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National Geographic cover to feature local paleo-artist's work


John Gurche, Artist in Residence at Ithaca’s Museum of the Earth, has created an artistic model of a newly-announced hominin’s head, which will be featured on the cover of the October 2015 issue of National Geographic Magazine.

Gurche explained in a lecture at Ithaca College campus in the spring of 2015 that the hominin, meaning an early human-like species, was discovered by a group of scientists in 2013 and given the name Homo naledi. Details about the species were shared publicly early this month in a research article and announcement.

Gurche was sent down to the excavation site, Rising Star cave outside of Johannesburg, South Africa, by National Geographic in 2014. Homo naledi fossils were found in 2013, but formal research about them was not published early this month.

“The whole time I was there, it was with an eye towards being able to gather enough information to reconstruct this new creature,” he said.

Reconstructing an extinct face based on fossil evidence starts with understanding what makes modern faces, Gurche said.

“I’ve done about 30 years of dissection, [that is] facial dissection of humans and great apes,” Gurche said. In measuring and comparing the soft tissue and bones of humans and great apes, he said he has come to understand how different structures correlate among species. Working on 3D printed bones, he builds each new hominin discovery from scratch, starting with facial muscles and soft tissues, and adding expressive muscles, eyes, skin and hair.

“They’re suggesting that it could be 2.5 to 3 million years old, but it could be only tens of thousands of years old,” said Thomas Volman, associate professor of anthropology at Cornell University. “It’s a very exciting discovery, but we have a long way to go.”

He said carbon dating, a common method for determining the ages of artifacts, would not work reliably dating for specimens that could be millions of years old.

“[The discovery is] going to be unbelievably informative for us,” said Jennifer Muller, assistant professor of anthropology at Ithaca College. “It’s going to be one of the most important finds ever, in my opinion.”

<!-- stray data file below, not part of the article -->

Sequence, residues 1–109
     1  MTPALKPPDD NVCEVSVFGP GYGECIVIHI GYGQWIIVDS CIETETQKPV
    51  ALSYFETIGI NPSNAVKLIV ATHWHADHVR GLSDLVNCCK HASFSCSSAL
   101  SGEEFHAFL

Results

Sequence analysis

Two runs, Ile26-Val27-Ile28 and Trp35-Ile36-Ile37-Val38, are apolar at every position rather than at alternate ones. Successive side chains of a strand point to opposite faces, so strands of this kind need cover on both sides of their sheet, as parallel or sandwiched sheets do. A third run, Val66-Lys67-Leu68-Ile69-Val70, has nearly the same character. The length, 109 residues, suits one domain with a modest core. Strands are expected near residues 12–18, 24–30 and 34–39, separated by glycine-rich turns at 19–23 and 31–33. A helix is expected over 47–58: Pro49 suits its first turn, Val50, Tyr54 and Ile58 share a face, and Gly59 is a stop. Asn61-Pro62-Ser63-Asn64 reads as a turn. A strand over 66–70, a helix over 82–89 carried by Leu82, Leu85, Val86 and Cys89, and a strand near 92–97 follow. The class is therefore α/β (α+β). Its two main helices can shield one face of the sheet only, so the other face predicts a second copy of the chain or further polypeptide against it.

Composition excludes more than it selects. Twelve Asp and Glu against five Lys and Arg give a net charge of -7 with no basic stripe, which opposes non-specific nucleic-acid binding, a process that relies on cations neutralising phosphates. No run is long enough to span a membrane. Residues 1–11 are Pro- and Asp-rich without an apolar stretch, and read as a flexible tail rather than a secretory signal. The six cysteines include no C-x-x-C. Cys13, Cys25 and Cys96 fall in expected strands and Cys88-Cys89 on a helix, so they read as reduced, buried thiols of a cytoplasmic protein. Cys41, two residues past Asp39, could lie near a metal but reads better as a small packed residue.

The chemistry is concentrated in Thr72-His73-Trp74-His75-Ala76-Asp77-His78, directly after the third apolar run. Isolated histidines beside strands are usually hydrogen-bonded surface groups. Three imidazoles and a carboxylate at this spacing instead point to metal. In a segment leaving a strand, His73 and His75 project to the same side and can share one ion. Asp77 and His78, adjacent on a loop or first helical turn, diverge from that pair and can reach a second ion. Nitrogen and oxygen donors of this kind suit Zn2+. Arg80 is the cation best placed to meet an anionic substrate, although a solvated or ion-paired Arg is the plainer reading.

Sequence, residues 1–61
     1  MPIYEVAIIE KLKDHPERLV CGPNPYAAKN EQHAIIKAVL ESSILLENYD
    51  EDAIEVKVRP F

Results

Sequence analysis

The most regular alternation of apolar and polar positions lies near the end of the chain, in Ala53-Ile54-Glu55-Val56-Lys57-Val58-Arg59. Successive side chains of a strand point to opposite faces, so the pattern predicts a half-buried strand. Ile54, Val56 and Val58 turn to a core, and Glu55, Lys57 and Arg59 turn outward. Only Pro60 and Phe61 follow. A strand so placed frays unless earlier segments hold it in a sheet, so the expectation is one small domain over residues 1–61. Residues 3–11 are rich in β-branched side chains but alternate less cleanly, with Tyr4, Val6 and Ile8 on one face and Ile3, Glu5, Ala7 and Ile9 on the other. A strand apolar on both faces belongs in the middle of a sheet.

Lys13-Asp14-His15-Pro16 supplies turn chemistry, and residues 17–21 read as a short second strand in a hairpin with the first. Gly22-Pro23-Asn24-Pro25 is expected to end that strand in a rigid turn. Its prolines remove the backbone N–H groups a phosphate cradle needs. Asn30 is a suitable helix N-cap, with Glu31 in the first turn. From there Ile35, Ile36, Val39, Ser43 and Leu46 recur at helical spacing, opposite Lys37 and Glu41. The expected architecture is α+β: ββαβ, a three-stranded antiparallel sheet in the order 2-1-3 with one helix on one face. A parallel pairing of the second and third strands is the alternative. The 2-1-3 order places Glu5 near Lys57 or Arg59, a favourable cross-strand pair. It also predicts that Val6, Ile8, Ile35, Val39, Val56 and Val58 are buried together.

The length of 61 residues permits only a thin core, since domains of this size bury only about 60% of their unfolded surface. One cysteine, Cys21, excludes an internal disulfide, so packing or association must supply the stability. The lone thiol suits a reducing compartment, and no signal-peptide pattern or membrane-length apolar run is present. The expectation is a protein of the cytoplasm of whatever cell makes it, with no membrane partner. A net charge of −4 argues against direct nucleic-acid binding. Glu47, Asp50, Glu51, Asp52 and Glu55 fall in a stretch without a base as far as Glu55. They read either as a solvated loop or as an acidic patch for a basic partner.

Even though many questions still remain, there are a few surprising discoveries that have made Homo naledi especially exciting for those who study anthropology. Volman said the find is still impacting the scientific community.

Specifically, the skeletons had physical features particular to both tree-climbers and to walkers, according to Muller. She said this points to the possibility that Homo naledi was a “transitioning” species between early and modern humans.

“It’s got this weird combination of characteristics that nobody particularly expected, so it forces them to rethink how everything fits together,” Volman said.

Five different skulls were found in the same site, and over 1,500 bones in total, which Gurche said are assumed to be both male and female.

“They’re all almost the same size,” Gurche said, “The females are only a little smaller than the males, so that lack of sexual dimorphism has been an important factor.”

The remains of many specimens were found deep in Rising Star cave, which suggests that the species may have buried its dead, according to Muller. She said that there is no evidence of purposeful burial in hominins that early in time.

Gurche agreed, saying, “taking their dead into caves, that’s a rather human-like behavior.”

Volman said that as scientists complete more research, the details about Homo naledi will become more clear.

“It’s a really exciting time for understanding the human lineage,” Muller said

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